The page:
Rival rallies due in Armenia as crisis deepens
Pashinyan is under increasing pressure from the opposition for his handling of the war over the disputed Nagorno-Karabakh region, which saw Armenia suffer heavy losses and agree to hand over swathes of territory to Azerbaijan.
The prime minister last week accused the military of attempting a coup after the general staff called for his resignation, and the opposition has held a series of rallies in recent days demanding he step down.
The political uncertainty is threatening to set off a chaotic power struggle in Armenia, an impoverished ex-Soviet republic on the borders of Turkey and Iran.
Pashinyan, who came to power spearheading peaceful protests in 2018, has urged his supporters to gather from 6:30 pm (1430 GMT) on Monday in the capital's Republic Square.
"We must confirm the readiness of our people to support the democratic and consitutional system and the rule of the people," Pashinyan said during a broadcast on Facebook on Sunday.
He called the rally to coincide with the anniversary of the deaths of 10 people when riot police dispersed thousands of protesters contesting the result of a presidential election on March 1, 2008.
"There will be no new March 1sts in Armenia," Pashinyan said. "Regardless of our political views and positions, we are all brothers and sisters."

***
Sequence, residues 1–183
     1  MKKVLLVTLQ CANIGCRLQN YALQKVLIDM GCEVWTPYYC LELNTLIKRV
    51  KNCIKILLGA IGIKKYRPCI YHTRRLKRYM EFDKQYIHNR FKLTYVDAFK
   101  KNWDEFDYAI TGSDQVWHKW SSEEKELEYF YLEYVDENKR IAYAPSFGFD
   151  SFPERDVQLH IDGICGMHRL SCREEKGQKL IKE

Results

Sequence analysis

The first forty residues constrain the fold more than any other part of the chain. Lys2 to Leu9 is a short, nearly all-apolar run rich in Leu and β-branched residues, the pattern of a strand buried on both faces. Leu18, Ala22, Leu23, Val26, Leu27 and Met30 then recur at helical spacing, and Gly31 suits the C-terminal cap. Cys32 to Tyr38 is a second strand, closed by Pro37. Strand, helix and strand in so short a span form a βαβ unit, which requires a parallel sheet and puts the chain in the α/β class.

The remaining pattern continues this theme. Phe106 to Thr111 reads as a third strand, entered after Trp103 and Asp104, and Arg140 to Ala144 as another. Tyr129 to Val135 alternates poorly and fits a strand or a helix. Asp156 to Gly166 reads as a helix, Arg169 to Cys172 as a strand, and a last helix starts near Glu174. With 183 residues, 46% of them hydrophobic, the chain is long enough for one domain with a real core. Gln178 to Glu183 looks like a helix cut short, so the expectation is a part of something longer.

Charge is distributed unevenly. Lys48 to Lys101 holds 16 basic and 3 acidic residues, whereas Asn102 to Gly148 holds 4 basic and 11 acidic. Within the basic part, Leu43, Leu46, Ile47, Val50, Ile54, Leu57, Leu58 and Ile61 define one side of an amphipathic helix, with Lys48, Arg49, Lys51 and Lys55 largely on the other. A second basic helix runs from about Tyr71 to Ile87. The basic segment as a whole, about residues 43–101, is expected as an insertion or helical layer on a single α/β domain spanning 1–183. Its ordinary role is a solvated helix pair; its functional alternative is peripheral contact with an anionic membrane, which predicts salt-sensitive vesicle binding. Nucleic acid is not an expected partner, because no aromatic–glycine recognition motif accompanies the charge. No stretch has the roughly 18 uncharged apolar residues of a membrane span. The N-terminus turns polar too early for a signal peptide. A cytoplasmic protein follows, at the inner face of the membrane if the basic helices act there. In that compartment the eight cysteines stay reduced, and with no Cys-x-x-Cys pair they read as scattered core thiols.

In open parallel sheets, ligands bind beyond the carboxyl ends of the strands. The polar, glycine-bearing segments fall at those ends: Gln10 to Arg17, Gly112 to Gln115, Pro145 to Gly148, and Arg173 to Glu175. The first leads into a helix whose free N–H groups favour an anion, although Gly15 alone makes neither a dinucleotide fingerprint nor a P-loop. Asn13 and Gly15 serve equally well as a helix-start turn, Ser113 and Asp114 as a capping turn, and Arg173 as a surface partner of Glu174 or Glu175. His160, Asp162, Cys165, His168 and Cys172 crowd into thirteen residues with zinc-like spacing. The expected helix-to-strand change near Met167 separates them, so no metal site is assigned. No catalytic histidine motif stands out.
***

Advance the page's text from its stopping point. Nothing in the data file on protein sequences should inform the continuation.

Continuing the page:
The head of his My Step faction that holds a majority in parliament, Lilit Makunts, told journalists it was "ready to take practical steps to hold snap parliamentary polls" and willing to discuss it with government critics.
The opposition has called its own rally for 6:00 pm in another part of Yerevan to press for Pashinyan to step down.
Standoff over military chief
Anti-government protesters have held regular demonstrations since the military made its statement last Thursday and have set up a protest camp outside the country's parliament.
A small group of supporters of the opposition Dashnaktsutyun party entered a government building and held a demonstration inside on Monday but police stood by and they left without incident.
President Armen Sarkisian, whose role is largely symbolic, called for all sides to show restraint on the anniversary of the March 1 deaths.
"Political struggle must not go beyond the bounds of the law, it should not lead to shocks and instability," he said in a statement.
Sarkisian has become a central figure in the crisis after he refused on Saturday to sign an order from Pashinyan to dismiss the chief of the general staff Onik Gasparyan.
Pashinyan has sent the request for his dismissal back to the president and the two appear to be in a standoff.
The military has made no apparent moves against Pashinyan despite his warning of a coup after the general staff backed calls for him to step down.
Pashinyan has faced fierce criticism since he signed a Moscow-brokered peace deal over Nagorno-Karabakh, an ethnic Armenian region that broke from Azerbaijan's control during a war in the early 1990s.
Fresh fighting broke out over the disputed territory in late September, with Baku's forces backed by ally Turkey making steady gains.
After six weeks of clashes and bombardments that claimed around 6,000 lives, a ceasefire agreement was signed that handed over significant territory to Azerbaijan and allowed for the deployment of Russian peacekeepers.
The agreement was seen as a national humiliation for many in Armenia, but Pashinyan has said he had no choice but to agree or see his country's forces suffer even bigger losses.